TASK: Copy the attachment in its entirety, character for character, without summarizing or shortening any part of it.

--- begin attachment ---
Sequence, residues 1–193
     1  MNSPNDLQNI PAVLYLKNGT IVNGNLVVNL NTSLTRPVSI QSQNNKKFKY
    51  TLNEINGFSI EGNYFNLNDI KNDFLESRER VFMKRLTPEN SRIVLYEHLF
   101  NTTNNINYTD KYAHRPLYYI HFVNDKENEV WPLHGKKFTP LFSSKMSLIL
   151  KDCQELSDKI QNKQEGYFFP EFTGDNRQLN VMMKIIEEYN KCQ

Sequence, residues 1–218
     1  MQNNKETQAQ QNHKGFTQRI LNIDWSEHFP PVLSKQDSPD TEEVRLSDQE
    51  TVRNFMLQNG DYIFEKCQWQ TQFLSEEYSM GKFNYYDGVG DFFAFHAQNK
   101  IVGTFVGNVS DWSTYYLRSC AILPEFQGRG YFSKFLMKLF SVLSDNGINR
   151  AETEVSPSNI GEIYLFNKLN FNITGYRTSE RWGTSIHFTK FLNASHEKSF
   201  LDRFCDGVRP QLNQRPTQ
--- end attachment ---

Sequence, residues 1–193
     1  MNSPNDLQNI PAVLYLKNGT IVNGNLVVNL NTSLTRPVSI QSQNNKKFKY
    51  TLNEINGFSI EGNYFNLNDI KNDFLESRER VFMKRLTPEN SRIVLYEHLF
   101  NTTNNINYTD KYAHRPLYYI HFVNDKENEV WPLHGKKFTP LFSSKMSLIL
   151  KDCQELSDKI QNKQEGYFFP EFTGDNRQLN VMMKIIEEYN KCQ

Sequence, residues 1–218
     1  MQNNKETQAQ QNHKGFTQRI LNIDWSEHFP PVLSKQDSPD TEEVRLSDQE
    51  TVRNFMLQNG DYIFEKCQWQ TQFLSEEYSM GKFNYYDGVG DFFAFHAQNK
   101  IVGTFVGNVS DWSTYYLRSC AILPEFQGRG YFSKFLMKLF SVLSDNGINR
   151  AETEVSPSNI GEIYLFNKLN FNITGYRTSE RWGTSIHFTK FLNASHEKSF
   201  LDRFCDGVRP QLNQRPTQ